Here’s the simple truth...Gender and biology are not one in the same. This notion is incomprehensible to many, but at the same time essential for people to understand. Take my parents for example: they are in their early sixties and moderately progressive in their ideas and opinions. However, they were dumbstruck by Caitlyn Jenner’s gender transformation. They simply could not fathom that a biological man could feel inherently like a woman and take the necessary steps to changing that identity. To my parents, gender is synonymous with biological sex. I tried talking to them about gender “scripts” and how “biology is merely one prop, albeit it a crucial one, supporting the larger performance” (100). Unfortunately, they weren’t too keen on these ideas, and we ended up agreeing to disagree on the subject. What my parents couldn’t seem to understand is that Caitlyn Jenner changed her script by “modifying and breaking out of it which takes extraordinary acts of insight and courage” (100).
Gender scripts are so ingrained in our culture, and we constantly utilize these scripts to define our “maleness” or our “femaleness.” I think the first step to having gender discussions with our students should be acknowledging that gender is not based solely on a person’s sex and that a lot of what we think we know about gender is deeply internalized through traditional gendered norms.
Gender norms and stereotypes affect and limit both boys and girls. It’s difficult to be an adolescent girl, and it’s difficult to be an adolescent boy. [As a woman and a feminist, I might argue that it is more difficult to go through life as a female; however, for my purpose here I want to talk about the difficulties as I’ve noticed in my own students (male and female) and my own children (female and male).] Nakkula argues that schools are gendered spaces, and that these gendered spaces can be limiting. Even names schools and teachers use to label students are drenched in gender scripted language. “‘Ophelia’s,’ ‘queen bees and wannabees,’ ‘odd girls out,’ ‘lost boys,’ ‘bad boys,’ ‘real boys,’ and ‘super predators’ remain dominant monikers for the gendered way in which educators are taught to frame youth identities and behaviors” (105). Students are constantly labeled in gender specific language, and it is so entrenched in our collective memories that we might not even realize we are using this type of language. I’m sure I’ve called some of my students (not to their faces necessarily) “bad boys” or “queen bees” without even realizing the gender implications of those names. Since taking Dr. Bogad’s class last semester, I am definitely more aware of times when I label students as having specific gender roles, and I am trying to change some of these habits in my classroom. I am also trying to have more regular conversations about gender as part of classroom discussions.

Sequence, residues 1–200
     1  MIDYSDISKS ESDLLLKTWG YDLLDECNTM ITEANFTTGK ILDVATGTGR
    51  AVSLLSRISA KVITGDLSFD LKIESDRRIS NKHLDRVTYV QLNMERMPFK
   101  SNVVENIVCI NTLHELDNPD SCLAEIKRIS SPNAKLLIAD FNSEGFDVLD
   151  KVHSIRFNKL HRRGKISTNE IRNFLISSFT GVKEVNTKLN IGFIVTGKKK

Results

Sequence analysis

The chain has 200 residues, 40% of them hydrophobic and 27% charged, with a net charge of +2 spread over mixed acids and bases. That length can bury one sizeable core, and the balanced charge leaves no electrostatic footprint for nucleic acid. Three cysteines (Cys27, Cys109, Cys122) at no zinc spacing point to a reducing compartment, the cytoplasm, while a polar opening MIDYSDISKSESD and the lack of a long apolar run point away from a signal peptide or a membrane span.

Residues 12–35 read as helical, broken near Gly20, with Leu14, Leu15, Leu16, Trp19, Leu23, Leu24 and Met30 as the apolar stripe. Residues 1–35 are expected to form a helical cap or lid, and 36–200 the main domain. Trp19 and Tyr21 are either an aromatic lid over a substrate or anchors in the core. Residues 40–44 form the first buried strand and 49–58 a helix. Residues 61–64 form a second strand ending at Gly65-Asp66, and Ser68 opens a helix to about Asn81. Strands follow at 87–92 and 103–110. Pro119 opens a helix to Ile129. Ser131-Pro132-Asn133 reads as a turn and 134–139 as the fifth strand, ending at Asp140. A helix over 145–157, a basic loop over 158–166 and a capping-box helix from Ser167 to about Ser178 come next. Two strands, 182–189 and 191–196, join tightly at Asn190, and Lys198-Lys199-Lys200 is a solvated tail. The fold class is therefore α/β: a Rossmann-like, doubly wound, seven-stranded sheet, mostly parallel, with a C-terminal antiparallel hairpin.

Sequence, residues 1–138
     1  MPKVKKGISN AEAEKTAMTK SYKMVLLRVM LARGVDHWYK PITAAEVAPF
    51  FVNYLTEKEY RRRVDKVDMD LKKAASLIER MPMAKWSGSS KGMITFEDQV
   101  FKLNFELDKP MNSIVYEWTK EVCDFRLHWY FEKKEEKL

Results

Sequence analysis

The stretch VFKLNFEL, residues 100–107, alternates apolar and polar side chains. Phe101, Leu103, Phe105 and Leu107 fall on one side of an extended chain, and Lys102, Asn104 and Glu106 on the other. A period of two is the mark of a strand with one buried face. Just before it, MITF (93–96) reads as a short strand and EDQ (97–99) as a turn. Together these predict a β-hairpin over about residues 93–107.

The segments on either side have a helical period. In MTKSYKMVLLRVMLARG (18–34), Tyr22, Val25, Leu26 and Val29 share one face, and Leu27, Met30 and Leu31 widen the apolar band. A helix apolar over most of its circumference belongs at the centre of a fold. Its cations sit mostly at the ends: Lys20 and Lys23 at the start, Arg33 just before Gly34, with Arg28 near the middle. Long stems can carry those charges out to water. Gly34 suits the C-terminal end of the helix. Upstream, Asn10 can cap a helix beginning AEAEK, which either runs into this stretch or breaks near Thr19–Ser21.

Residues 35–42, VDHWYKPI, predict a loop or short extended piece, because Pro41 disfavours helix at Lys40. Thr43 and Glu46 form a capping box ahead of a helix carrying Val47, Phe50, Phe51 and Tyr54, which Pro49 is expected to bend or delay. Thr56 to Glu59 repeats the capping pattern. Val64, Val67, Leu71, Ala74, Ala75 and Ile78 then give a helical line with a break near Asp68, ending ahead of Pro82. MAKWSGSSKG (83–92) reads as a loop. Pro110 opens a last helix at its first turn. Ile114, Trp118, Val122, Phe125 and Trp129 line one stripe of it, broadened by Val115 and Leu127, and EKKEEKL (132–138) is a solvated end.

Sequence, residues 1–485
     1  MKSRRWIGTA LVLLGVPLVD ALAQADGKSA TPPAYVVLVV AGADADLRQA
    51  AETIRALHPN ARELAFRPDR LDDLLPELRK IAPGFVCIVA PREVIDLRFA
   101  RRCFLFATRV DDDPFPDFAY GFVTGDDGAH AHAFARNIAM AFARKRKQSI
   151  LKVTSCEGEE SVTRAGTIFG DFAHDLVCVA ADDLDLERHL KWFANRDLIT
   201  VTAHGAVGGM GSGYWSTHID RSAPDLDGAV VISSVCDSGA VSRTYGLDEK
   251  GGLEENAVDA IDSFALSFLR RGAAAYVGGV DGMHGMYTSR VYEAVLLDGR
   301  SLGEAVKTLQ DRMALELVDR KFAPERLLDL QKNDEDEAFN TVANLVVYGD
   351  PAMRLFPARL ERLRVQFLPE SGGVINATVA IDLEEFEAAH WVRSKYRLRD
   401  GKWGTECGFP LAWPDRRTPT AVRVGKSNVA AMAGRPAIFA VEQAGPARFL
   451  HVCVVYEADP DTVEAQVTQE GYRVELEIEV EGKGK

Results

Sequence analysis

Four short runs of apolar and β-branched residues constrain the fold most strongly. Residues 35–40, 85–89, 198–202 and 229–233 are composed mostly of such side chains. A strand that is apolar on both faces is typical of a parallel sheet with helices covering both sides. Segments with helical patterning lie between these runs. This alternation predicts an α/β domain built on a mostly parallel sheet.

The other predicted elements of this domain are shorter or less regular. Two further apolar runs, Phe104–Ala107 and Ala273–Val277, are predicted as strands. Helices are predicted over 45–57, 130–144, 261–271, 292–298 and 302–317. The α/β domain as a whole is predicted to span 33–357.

In terms of my own children, Gwen and Zach, I have noticed how gender expectations have limited them in certain ways. For example, Gwen was placed in all honors and advanced placement classes in middle and high school except for math. As I am thinking about gender, I’m now questioning whether she actually struggled with math (as I always assumed) or if her placement was (subconsciously) due to her gender. “Girls are highly underrepresented in advanced placement math and and science classes” (105). There’s nothing I can do about this now in terms of Gwen considering she’s in college, but I can certainly look at my own students and encourage girls to try and push their way into those classes.
In terms of my son Zach, I also see some of the limitations gender scripting has placed on him. He, as a male, cannot appear vulnerable enough for fully engaged learning to take place. He feels pressure to “measure up,” “be tough” and “be a real man” (112). These gender specific norms can be difficult and unrealistic for any male to live up to, but it becomes even more difficult when learning is to take place because true learning requires a sense of vulnerability. “Learning-fully engaged learning-requires vulnerability. It requires the capacity to leave oneself open to criticism and to willingly seek and provide support. These are not ‘masculine traits,’ which is why for so many boys, particularly from late elementary school onward, ‘school learning’ is seen as the educational terrain of girls.” (113). I’ve seen this play out in Zach. I often think he is not truly and completely engaging in the learning process because he is afraid of looking weak or unsure. I am doing the best I can to make him more comfortable, but again, the gender script is there and subconsciously playing out in his actions.